Coccidiosis can be your worst nightmare. If not treated correctly it can become a circle of infection and reinfection - a never ending story. Coccidiosis in young puppies is often fatal. Great care should be taken with the treatment and prevention of this parasite.
Coccidiosis is an intestinal disease that affects several different animal species including canines and humans. Coccidia is one of the most prevalent protozoal infections in North American animals, second only to giardia. Eimeria and Isospora are the two genera that are often referred to as "coccidia." These two genera contain a large number of species that infect a variety of animals throughout the world.
The diseases caused by these microscopic protozoal parasites are referred to collectively as coccidiosis, and they vary tremendously in virulence.
Some species cause diseases that result in mild symptoms that might go unnoticed (i.e., mild diarrhea) and eventually disappear, while other species cause highly virulent infections that are rapidly fatal. The causative agent is a protozoan that has the ability to multiply rapidly. The major damage is due to the rapid multiplication of the parasite in the intestinal wall, and the subsequent rupture of the cells of the intestinal lining. Several stages of multiplication occur before the final stage, the oocyst, is passed in the feces. Oocysts are extremely resistant to environmental stress and are difficult to completely remove from the environment. Oocysts are frequent contaminants of feed and water and when the sporulated oocysts are ingested by other animals they start the life cycle over in the new host.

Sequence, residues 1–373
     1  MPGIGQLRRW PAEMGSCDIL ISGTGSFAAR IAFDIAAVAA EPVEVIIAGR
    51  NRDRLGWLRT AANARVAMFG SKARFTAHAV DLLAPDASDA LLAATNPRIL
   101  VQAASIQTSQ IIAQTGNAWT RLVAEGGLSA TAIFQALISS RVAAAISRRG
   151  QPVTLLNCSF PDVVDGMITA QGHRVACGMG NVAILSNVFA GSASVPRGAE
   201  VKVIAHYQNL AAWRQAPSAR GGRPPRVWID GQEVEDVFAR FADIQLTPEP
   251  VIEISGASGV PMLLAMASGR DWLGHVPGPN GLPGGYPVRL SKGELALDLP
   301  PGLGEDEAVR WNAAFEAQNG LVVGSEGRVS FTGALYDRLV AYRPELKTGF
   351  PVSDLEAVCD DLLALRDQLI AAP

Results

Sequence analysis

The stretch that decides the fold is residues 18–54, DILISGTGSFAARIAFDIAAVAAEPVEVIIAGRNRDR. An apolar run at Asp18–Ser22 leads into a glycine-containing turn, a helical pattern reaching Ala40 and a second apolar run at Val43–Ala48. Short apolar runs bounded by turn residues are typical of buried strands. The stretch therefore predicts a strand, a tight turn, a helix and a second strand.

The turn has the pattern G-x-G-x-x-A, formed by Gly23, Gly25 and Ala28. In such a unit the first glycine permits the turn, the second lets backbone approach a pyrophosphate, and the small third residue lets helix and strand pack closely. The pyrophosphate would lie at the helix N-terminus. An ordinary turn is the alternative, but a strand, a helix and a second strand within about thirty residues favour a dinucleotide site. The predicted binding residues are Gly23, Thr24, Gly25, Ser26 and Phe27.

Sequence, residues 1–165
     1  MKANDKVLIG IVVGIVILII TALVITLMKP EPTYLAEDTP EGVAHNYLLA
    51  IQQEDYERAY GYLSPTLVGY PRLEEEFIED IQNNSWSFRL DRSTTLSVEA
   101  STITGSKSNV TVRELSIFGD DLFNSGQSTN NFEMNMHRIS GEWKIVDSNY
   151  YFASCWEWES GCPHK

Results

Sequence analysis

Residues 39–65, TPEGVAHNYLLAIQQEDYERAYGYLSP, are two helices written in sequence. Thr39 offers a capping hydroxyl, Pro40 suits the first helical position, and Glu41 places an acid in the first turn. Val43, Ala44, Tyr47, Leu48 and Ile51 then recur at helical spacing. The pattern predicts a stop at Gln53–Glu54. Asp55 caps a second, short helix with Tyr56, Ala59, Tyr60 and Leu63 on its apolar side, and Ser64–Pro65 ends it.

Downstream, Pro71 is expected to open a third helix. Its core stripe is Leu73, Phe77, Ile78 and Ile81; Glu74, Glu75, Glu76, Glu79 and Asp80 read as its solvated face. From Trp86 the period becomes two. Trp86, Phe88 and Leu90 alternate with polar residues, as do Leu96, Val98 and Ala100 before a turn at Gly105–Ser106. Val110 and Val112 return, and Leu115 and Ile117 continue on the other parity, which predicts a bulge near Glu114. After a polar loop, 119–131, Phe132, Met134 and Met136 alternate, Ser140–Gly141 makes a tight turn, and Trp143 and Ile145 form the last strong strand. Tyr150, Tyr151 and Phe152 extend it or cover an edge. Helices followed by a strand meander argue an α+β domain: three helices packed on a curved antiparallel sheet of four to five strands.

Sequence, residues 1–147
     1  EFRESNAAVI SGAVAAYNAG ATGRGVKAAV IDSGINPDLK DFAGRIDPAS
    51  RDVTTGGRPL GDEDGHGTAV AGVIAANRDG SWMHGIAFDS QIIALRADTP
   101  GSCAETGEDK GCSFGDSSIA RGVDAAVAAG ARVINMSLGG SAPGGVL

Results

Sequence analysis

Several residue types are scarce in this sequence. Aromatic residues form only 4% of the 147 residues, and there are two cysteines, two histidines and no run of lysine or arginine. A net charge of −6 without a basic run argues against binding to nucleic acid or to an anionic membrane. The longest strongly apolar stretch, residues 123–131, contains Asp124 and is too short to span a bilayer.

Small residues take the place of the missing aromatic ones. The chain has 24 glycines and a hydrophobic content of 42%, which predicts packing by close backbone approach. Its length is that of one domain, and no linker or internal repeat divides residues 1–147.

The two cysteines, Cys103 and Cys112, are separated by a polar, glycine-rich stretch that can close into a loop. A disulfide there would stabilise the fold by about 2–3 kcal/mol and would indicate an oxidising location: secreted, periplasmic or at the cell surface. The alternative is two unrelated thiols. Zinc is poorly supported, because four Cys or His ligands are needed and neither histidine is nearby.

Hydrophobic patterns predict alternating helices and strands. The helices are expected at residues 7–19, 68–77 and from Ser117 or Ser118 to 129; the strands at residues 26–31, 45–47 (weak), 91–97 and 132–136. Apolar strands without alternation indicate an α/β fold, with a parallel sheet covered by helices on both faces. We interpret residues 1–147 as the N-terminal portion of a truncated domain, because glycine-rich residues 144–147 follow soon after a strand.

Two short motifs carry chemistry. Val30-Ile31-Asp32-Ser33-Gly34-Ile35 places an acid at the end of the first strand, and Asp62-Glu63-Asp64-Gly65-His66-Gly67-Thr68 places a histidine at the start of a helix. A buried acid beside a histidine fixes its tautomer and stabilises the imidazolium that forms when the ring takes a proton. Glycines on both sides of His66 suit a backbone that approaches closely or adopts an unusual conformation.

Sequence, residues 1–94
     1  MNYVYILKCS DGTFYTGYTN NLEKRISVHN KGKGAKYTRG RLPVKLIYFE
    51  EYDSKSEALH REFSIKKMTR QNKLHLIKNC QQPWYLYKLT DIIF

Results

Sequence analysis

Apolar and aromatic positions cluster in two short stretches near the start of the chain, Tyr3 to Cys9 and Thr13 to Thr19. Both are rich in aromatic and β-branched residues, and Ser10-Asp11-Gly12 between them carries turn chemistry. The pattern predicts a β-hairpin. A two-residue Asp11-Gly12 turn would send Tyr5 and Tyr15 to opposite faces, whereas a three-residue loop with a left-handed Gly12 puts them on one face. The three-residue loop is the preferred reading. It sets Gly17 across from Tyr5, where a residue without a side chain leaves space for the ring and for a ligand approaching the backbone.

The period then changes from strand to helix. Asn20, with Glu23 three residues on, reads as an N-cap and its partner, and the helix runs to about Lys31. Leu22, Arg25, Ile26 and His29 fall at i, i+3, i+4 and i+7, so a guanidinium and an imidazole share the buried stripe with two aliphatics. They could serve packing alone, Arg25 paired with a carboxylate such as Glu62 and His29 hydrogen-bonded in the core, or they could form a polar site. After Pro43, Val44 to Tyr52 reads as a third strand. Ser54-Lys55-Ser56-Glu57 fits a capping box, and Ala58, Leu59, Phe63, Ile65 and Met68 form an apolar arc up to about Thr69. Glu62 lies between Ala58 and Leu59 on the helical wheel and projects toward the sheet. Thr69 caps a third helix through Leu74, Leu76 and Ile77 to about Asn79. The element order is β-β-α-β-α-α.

The life cycles of both genera of coccidia are similar. A host is infected when it ingests oocysts that have been passed in the feces of another host. The oocyst encysts in the host's small intestine, and the sporozoites contained within the oocyst are liberated. The sporozoites penetrate the cells of the host's small intestine and reproduce asexually. Each generation of asexual reproduction produces multiple merozoites; the merozoites are liberated from the cell and infect new cells. It is this stage of the infection that can result in destruction of massive numbers of cells in the host's small intestine and, ultimately, lead to the host's death. Some of the merozoites that enter the host's cells transform into gametocytes. The gametocytes transform into gametes, the gametes fuse, and the resulting zygote begins to develop into an oocyst. The developing oocyst escapes from the host's cell, and it is passed in the host's feces. Typically, when the oocyst is passed in the feces, it is not infective because it does not contain sporozoites; this is an unsporulated oocyst. After several days (or weeks, depending on the species) outside of the host's body, the oocyst completes development and sporozoites are found within; this is a sporulated oocyst, and it is infective to the next host.
Clinical signs of coccidiosis usually are present or shortly following stress such as weather changes; weaning; overcrowding; long automobile or plane rides; relocation to a new home and new owners; and/or unsanitary conditions. Symptoms or signs of coccidiosis will depend on the state of the disease at the time of observation. In general, coccidiosis affects the intestinal tract and symptoms are associated with it. In mild cases, only a watery diarrhea may be present, and if blood is present in the feces, it is only in small amounts. Severely affected animals may have a thin, watery feces with considerable amounts of intestinal mucosa and blood. Straining usually is evident, rapid dehydration, weight loss and anorexia (off feed) also may be clinically visible. One of the most prevalent canine coccidia is S. tenella and during autopsies of dead animals appears as microscopic muscle cysts in the host animal. Oocysts in the feces of dogs are also microscopic in size and can only be positively identified through lab tests or direct observation under a microscope.